What Order Should I Take the CPA Exams In?

What order should I take the CPA Exams in? The good news is that assuming you take and pass each section one time, you only have 24 potential options. Don’t believe me. Let’s take a look at the different combinations.

CPA Exam Order: Combinations

ID

First

Second

Third

Fourth

1 AUD BEC FAR REG
2 AUD BEC REG FAR
3 AUD FAR BEC REG
4 AUD FAR REG BEC
5 AUD REG BEC FAR
6 AUD REG FAR BEC
7 BEC AUD FAR REG
8 BEC AUD REG FAR
9 BEC FAR AUD REG
10 BEC FAR REG AUD
11 BEC REG AUD FAR
12 BEC REG FAR AUD
13 FAR AUD BEC REG
14 FAR AUD REG BEC
15 FAR BEC AUD REG
16 FAR BEC REG AUD
17 FAR REG AUD BEC
18 FAR REG BEC AUD
19 REG AUD BEC FAR
20 REG AUD FAR BEC
21 REG BEC AUD FAR
22 REG BEC FAR AUD
23 REG FAR AUD BEC
24 REG FAR BEC AUD

BTW, a nice shortcut to calculate the number of options is 4! AKA four factorial, which 4*3*2*1=24.

CPA Exam Order: My Order

From experience, the order that I went with for the CPA Exam is probably not the best order. Specifically, I took FAR on October 23, 2014, BEC on October, 31, 2014, AUD on November 13, 2014, and REG on November 29, 2014. This combination equates to line item number 15. Although I passed each section on the first go, passing REG was incrementally more difficult in part because of the non-stop studying from the previous exam. This incremental difficulty is what I like to attribute to CPA Exam burnout.

CPA Exam Order: Better Order

To help prevent CPA Exam burnout, I would go with combination number 14. This combination means that you would take FAR, AUD, REG, and BEC in this order. Why? First, starting out with the most difficult section and passing the most difficult section will give you the added boost of confidence needed to succeed on the other sections. In other words, it’s all downhill from here. Second, giving yourself ample space between FAR and REG will help you help yourself not be confused on transactions with different financial and tax accounting recognition. Third, ending the CPA Exam on what some people consider the easiest section the CPA Exam, BEC, will allow you to coast to the finish line without suffering from a case of CPA Exam burnout.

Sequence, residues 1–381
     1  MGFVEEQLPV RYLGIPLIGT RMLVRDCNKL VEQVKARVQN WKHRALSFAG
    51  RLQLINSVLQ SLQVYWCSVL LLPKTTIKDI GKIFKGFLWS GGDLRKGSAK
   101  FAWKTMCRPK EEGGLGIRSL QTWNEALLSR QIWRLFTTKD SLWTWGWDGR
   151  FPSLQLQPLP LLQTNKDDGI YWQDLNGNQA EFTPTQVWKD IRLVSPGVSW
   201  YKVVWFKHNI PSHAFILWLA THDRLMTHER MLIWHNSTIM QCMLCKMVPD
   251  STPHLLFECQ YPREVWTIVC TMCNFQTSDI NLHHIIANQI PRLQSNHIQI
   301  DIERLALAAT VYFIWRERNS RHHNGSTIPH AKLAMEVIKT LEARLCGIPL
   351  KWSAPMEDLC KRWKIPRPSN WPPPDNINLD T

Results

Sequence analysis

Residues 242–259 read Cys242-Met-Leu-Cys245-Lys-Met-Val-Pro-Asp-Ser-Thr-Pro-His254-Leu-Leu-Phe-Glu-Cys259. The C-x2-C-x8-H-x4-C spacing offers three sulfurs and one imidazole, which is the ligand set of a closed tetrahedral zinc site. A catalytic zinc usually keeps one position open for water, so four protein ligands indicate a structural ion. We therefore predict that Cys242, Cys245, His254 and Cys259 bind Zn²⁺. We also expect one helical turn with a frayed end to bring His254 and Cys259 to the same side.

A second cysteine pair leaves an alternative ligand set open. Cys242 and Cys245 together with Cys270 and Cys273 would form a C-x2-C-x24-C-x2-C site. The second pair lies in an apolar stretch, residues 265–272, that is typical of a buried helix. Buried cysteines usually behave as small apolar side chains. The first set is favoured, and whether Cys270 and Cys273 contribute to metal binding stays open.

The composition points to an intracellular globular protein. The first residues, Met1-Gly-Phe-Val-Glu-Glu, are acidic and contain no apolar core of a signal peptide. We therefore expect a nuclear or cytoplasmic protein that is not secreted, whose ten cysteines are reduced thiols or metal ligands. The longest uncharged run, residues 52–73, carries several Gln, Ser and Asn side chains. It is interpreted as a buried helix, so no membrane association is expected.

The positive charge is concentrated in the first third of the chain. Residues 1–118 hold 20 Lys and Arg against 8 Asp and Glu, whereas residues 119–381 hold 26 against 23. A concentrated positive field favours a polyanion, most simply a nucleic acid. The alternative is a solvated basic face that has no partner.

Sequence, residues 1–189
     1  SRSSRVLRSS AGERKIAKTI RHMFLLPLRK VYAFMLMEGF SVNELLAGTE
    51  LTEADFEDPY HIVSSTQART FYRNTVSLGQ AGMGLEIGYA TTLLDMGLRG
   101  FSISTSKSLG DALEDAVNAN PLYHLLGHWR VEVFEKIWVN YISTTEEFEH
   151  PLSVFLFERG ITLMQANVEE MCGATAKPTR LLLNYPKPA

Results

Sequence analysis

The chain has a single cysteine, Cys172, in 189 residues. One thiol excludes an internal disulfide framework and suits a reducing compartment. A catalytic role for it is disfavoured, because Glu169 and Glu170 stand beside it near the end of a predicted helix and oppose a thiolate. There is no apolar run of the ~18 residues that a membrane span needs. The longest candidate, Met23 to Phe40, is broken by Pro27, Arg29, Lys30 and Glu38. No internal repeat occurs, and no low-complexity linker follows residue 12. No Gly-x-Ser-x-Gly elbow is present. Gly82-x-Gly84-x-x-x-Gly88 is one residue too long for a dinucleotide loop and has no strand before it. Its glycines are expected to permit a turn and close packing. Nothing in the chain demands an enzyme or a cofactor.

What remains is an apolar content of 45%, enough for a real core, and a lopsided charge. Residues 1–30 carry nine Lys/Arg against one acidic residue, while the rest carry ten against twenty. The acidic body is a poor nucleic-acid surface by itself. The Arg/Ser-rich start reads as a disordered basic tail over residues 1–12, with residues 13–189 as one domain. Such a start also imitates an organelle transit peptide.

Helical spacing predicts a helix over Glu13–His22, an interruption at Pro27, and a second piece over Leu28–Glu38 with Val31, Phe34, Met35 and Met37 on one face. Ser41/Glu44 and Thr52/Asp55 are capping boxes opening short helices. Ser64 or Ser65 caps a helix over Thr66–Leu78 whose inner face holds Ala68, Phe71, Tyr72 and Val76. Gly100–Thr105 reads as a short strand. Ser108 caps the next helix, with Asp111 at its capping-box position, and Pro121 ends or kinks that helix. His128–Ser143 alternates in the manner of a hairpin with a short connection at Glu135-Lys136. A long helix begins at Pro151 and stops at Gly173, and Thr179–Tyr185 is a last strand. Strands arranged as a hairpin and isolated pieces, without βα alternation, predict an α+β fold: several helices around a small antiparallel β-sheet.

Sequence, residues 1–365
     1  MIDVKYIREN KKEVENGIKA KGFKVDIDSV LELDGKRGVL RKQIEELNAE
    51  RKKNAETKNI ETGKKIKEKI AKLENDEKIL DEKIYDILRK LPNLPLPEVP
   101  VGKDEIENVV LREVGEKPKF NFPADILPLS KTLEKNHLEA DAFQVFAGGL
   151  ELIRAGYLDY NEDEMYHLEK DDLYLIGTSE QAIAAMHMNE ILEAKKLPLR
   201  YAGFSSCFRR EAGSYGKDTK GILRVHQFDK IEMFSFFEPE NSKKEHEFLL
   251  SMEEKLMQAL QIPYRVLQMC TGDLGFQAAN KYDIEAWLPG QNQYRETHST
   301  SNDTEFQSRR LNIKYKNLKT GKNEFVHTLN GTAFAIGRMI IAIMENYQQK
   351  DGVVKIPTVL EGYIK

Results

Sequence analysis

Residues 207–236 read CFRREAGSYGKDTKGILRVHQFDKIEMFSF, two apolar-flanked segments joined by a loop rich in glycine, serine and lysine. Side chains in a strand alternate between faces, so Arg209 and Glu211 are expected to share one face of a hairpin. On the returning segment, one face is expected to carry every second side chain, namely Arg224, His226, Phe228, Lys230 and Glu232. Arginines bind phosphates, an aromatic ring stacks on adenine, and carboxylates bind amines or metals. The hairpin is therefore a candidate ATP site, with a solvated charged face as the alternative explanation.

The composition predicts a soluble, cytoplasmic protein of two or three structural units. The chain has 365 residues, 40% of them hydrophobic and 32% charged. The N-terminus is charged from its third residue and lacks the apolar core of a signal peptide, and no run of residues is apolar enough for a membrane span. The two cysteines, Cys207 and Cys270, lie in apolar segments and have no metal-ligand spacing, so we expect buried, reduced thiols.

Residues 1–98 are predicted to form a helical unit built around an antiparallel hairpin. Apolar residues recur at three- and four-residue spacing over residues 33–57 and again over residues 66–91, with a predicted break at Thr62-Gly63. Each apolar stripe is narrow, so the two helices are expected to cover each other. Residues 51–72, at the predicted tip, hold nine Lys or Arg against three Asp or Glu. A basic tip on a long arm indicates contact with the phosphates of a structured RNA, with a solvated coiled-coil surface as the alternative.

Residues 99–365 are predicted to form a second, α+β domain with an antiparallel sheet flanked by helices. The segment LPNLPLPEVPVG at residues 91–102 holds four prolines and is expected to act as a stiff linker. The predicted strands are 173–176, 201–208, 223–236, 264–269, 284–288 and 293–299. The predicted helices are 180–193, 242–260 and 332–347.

If you find one of the other orders to be more conducive to your study schedule and your preferences, use that order. You are in the best position to determine which order will work best for you. Stick to your plan and give yourself an ample amount of time to prepare for each section. As always, remember to breathe.

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2 Responses to What Order Should I Take the CPA Exams In?

  1. John Karwacki June 8, 2016 at 9:38 am #

    Andrew,

    Interesting piece. I’ve chosen line item 9: BEC (07/02*) => FAR (08/30) => AUD (10/01) => REG (11/TBD)

    *Already scheduled.

    My line of thinking is to cycle the volume of content and perceived difficulty, and to start with a ‘introduction’ to the exam testing process by hitting the exam content I am most academically and professionally comfortable with (BEC). I’m aware that this doesn’t necessary make BEC the ‘easiest’ test for me, nor FAR or REG the hardest, but psychologically I think this will work best for me for most of the process.

    My regret is that REG is likely going to be last, and for me, REG (specifically tax) is something I am weak in. With the 04/2017 changes to take place, I very well may experience burnout if I need to take that thing again in ’17 — God forbid I fail an exam any need to re-take REG in the new 4-hour long format….

    Point being: One advantage I think my choice has for some test-takers who are deciding is that if indeed you start with the test you are most comfortable with, and the time 18month window elapses, re-studying the material will be far less draining if you enjoy the content (I do) and are working in a related field. That’s my bit to add, we’ll see how it plays out…

    Thanks again!

    • Andrew
      Andrew June 8, 2016 at 7:32 pm #

      John,

      Thanks for the great insight! Good luck on BEC 🙂


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